• Although the crystals of phenol in the reagent bottle was colorless but they turned brown when exposed to air while weighing them indicating the auto oxidation of phenol (Refer to qualitative observation, page –16 point - 2).
    • The crystals of phenol begun to melt partially while weighing it using a watch glass. Thus, transferring the phenol completely into the test tube from the watch glass using a spatula was difficult. So, a beaker with a test tube inside it was kept on the pan of the digital mass balance (tared to zero) and the phenol was directly weighed in it to ensure that no phenol is lost or left behind while weighing.

    Strengths

    • The precision of the temperature readings is definitely characterized as a strength due to the fact that these readings are varying by a very small amount in all of the three trials (the standard deviation is low).
    • The accuracy of the experiment is exhibited due to a small percentage error value (11.67%) of the UCST as compared to a literature source.
    • Through the experiment, a complementary scientific phenomenon was proven right i.e. the value of mass percentage of phenol at which the UCST value is observed remains same (51.0) for all values of molar concentration of NaCl(aq) solution.
    • All secondary sources considered are credible, reliable and appropriate. Use of commercial websites as reference has been avoided.
    • Results reported in the investigation are supported by exemplary research findings in the literature (Refer to Page 21)
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  • Further scope of analysis

    This experiment has determined the critical solution temperature of phenol water system by varying concentration of ionic compound NaCl solution and thereby recording different miscibility temperatures. It can be furthered extended by monitoring the effect of CST by the addition of other types of ionic impurities like KCl and organic impurities like naphthalene, camphor and comparing its results with that of sodium chloride. Finally, a comprehensive study can be conducted to check exactly which impurity would result in a maximum increase in miscibility of partially miscible liquids like the phenol water system. This can be done to find the best solvent for particular compounds and aids in the ‘salting out’ chemical process.

    References

    • Arkel, A. E. Van. “Mutual Solubility of Liquids.” Transactions of the Faraday Society, vol. 42, 1946, doi:10.1039/tf946420b081. Accessed on April 5,2018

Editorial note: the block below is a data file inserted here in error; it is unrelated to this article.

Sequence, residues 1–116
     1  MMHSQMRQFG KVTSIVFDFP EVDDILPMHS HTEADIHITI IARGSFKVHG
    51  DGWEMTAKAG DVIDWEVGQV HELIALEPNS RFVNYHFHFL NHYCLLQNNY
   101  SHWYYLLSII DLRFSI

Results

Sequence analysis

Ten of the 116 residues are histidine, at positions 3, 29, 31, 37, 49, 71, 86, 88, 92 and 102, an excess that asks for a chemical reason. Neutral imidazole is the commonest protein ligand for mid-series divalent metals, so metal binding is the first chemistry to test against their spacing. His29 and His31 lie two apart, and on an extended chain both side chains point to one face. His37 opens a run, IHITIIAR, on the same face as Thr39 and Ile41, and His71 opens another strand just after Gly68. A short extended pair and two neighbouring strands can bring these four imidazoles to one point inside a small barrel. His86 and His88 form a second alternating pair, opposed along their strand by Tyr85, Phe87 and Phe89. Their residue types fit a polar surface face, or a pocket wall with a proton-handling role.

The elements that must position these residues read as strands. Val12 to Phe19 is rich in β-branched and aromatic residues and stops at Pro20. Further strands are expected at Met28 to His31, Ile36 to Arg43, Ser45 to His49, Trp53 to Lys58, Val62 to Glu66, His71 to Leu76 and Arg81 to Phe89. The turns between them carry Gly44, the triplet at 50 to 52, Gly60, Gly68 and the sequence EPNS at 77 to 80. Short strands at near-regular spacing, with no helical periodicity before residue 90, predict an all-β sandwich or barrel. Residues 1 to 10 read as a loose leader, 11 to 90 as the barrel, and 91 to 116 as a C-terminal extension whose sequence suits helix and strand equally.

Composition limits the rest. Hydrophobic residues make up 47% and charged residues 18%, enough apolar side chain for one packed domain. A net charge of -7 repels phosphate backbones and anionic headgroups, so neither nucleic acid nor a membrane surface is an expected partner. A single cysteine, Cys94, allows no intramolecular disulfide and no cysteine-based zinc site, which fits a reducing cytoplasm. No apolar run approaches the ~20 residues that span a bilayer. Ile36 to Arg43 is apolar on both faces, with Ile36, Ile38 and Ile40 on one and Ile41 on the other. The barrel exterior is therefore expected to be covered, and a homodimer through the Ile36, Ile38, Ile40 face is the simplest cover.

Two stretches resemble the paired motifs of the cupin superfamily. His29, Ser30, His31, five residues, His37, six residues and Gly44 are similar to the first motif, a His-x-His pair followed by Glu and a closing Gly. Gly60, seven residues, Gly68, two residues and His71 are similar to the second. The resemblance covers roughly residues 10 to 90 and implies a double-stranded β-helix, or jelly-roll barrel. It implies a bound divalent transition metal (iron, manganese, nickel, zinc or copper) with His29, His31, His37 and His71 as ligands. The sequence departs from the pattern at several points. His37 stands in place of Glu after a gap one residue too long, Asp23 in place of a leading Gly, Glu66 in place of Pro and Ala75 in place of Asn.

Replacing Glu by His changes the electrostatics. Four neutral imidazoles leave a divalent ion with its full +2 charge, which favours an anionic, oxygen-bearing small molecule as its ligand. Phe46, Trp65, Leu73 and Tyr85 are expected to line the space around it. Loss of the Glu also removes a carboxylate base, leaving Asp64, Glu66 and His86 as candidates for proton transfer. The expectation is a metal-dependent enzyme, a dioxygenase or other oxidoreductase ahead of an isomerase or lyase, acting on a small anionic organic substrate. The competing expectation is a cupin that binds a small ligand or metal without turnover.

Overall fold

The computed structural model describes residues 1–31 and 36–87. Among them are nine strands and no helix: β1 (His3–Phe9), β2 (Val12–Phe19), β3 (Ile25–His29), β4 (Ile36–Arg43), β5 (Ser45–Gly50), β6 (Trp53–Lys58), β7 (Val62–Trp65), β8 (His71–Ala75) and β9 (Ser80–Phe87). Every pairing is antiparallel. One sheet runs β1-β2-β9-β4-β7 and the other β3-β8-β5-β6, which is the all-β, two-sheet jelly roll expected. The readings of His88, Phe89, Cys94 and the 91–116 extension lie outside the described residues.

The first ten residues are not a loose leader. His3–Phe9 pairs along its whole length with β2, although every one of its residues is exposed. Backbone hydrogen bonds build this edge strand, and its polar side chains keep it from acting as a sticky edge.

• “DSpace JSPUI.” EGyanKosh: Home, IGNOU, http://www.egyankosh.ac.in/. Accessed on March 25,2018
    • Das, Siddhartha, et al. “Effect of Impurities in Description of Surface Nanobubbles.” Physical Review E, vol. 82, no. 5, 2010, doi:10.1103/physreve.82.056310 Accessed on April 22,2018
    • Echeverria, Coro, et al. “Novel Strategy for the Determination of UCST-like Microgels Network Structure: Effect on Swelling Behavior and Rheology.” Soft Matter, vol. 8, no. 2, 2012, pp. 337–346., doi:10.1039/c1sm06489d. Accessed on April 3,2018
    • Ferguson, J. B. “The System Water-Phenol.” The Journal of Physical Chemistry, vol. 31, no. 5, 1926, pp. 757–763., doi:10.1021/j150275a013. Accessed on March 29,2018
    • Hoffman, Allan S. “Applications of ‘Smart Polymers’ as Biomaterials.” Biomaterials Science, 2013, pp. 247–258., doi:10.1016/b978-0-08-087780-8.00026-7. Accessed on March 12,2018.
    • Jukka Niskanen, and Heikki Tenhu. “How to Manipulate the Upper Critical Solution Temperature (UCST)?” Journal of Materials Chemistry C, The Royal Society of Chemistry, 21 Oct. 2016, pubs.rsc.org/en/content/articlehtml/2017/py/c6py01612j Accessed on November 21,2018
    • Joglekar, H.s., et al. “Kinetics of Wet Air Oxidation of Phenol and Substituted Phenols.” Water Research, vol. 25, no. 2, 1991, pp. 135–145., doi:10.1016/0043-1354(91)90022-i.Accessed on November 25,2018
    • Kim, Young-Jin, and Yukiko T. Matsunaga. “Thermo-Responsive Polymers and Their Application as Smart Biomaterials.” Journal of Materials Chemistry C, The Royal Society of Chemistry, 20 Feb. 2017, pubs.rsc.org/-/content/articlelanding/2017/tb/c7tb00157f/unauth#!divAbstract.Accessed on March 9, 2018.
    • Kumar, Dr.Amit. “Phase Behaviour of Polymer Solutions and Blends.” Textofvideo. Accessed on April-5,2018
    • Libretexts. “23.2: Entropy Rules.” Chemistry LibreTexts, National Science Foundation, 23 Feb. 2019, chem.libretexts.org/Bookshelves/General_Chemistry/Book%3A_Chem1_(Lower)/15%3A_Thermodynamics_of_Chemical_Equilibria/23.2%3A_Entropy_Rules. Accessed on November 24,2018
    • “Miscibility of Liquids.” Gas Chromatography Theory, www.chem.ucla.edu/~harding/IGOC/M/miscible.html, Accessed on March 27,2018
    • “Magnetic Resonance Imaging and Nuclear Magnetic Resonance Spectroscopy: Studying Hydrogen in Different Environments.” News | Hofstra University, New York, http://news.hofstra.edu/2010/09/05/magnetic-resonance-imaging-and-nuclear-magnetic-resonance-spectroscopy-studying-hydrogen-in-different-environments/. Accessed on September 21,2018
    • “Phase Equilibrium.” Egyangosh,https://www.egyankosh.ac.in/bitstream/123456789/15870/1/Unit-12.pdf.%20Accessed%20on%20April%2021,2018
    • “Phenol Oxidation.” Titration Experiment, archives.library.illinois.edu/erec/University%20Archives/1505050/Organic/Alcohols/Chapter%206/sec6-14/6-14.htm. Accessed on May 24,2018